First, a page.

As we noted last week, couples are willing to pay big bucks for the eggs of women with high SAT scores. But as many a former college girl knows, they'll shell out for race, height, and soccer skills too.
William Saletan describes a study by one Prof. Aaron Levine of Georgia Tech:
Levine analyzed more than 100 ads placed in 63 college newspapers to recruit egg donors. Of these ads, 21 specified a minimum requisite SAT score. Half offered more than $5,000, and among this group, 27 percent specified an "appearance requirement." The bigger the money, the choosier the client: Above the $10,000 level, most ads "contained appearance or ethnicity requirements."
Reading college newspapers is also where I got my reaction: no shit. By the time I went to college, the web was already eclipsing print news, but the school newspaper was one big exception. It was free, it was everywhere, and you could easily pick up a copy and take it along to places where you might not want to lug a laptop (yes, okay, I am old enough that we could not read shit on our phones). Result: I was exposed to lots and lots of ads for egg donation. At a certain point, I started playing a little game with each ad: "would these people buy my eggs?"
Usually, the answer was no. My SAT score wasn't the problem — almost always, it was my height. I recall a surprising number of requests for the eggs of ladies 5'6" or taller, which put me a couple inches shy of genetic desirability. Sometimes advertisers also wanted donors who were "athletic" or "musical," both of which automatically disqualified me.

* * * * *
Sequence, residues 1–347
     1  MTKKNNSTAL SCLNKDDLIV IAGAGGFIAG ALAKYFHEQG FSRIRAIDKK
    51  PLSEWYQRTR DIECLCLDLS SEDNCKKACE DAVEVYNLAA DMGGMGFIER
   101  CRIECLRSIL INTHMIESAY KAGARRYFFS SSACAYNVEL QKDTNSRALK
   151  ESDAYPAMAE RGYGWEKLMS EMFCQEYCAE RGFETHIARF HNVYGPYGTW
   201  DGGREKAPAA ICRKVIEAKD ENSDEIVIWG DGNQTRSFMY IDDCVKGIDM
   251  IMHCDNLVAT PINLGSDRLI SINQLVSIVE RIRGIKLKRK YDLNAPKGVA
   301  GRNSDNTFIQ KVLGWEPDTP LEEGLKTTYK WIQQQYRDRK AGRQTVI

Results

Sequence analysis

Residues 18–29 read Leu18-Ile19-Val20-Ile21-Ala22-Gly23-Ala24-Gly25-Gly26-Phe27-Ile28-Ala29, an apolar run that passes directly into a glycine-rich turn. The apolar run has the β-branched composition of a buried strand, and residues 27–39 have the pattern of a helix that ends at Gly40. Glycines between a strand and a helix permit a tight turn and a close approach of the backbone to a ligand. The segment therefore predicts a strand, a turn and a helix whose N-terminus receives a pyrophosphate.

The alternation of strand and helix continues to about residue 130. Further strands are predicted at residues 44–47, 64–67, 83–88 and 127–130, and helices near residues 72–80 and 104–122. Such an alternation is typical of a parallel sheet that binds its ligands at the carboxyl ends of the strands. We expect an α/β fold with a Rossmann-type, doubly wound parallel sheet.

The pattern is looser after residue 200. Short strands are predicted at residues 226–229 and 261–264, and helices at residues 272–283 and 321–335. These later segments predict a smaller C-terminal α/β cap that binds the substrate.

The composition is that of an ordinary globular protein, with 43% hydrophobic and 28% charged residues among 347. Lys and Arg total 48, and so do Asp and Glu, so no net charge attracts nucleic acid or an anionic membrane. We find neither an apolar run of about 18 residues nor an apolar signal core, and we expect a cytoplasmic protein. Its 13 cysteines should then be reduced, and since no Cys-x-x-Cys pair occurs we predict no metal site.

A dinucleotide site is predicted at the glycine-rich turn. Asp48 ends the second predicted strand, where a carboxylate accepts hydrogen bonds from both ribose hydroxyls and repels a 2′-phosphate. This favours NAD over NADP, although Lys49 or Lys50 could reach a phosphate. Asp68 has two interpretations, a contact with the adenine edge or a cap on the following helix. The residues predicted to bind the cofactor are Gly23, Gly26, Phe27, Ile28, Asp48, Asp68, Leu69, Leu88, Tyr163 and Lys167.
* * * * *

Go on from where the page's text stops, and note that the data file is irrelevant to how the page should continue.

As far as "appearance and ethnicity requirements" went, my hair color occasionally counted me out (nobody wants ginger babies), but my race almost never did. While a few asked for Asian or South Asian donors, I got the sense that white eggs were in the highest demand (a sense borne out by some research).
The joke behind this game — shared by several other female undergraduates I knew — was that the ads evinced a somewhat creepy desire for designer offspring. Athletic? Musical? These prospective parents seemed to want genetic material that would guarantee their children's success in every area of life, and at the time, I found this distasteful. But I'm no longer sure I was being entirely fair. Anyone who offers thousands of dollars for someone else's eggs is both lucky and unlucky: unfortunate enough to want a child but be unable to conceive one, yet fortunate enough to be able to afford costly medical help. It's easy to sniff at the couple (or woman) who wants a perfect baby, and yet this sniffing comes with the implicit message that those who can't get pregnant on their own should take whatever they can get. Those who make babies biologically get to pick a partner they'd like to procreate with, and it seems a little unfair to deny infertile couples at least this level of choice — especially when all the money in the world won't buy you a way out of the high failure rates and difficult medical interventions of IVF. I'm still creeped out by the use of SAT scores as a measure of genetic fitness (Saletan quotes Levine: "an increase of one hundred SAT points in the score of a typical incoming student increased the compensation offered to oocyte donors at that college or university by $2,350"). But aside from the liberalization of adoption, which would have the double effect of helping kids find homes and improving some infertile couples' options, I'm not sure what the answer is.
What's missing from a lot of coverage of the issue — which typically focuses on the need for or impossibility of further regulation — is the experience of women and couples who've been involved. We'd love to hear from readers who have donated or used donor eggs, especially if you have thoughts on some of the "requirements" above. And if you've got a longer story you'd like to tell for a followup post, feel free to get in touch by email. We can't offer you $10,000, but on the plus side, we won't stick any needles in you either.
The Egg Market [Slate]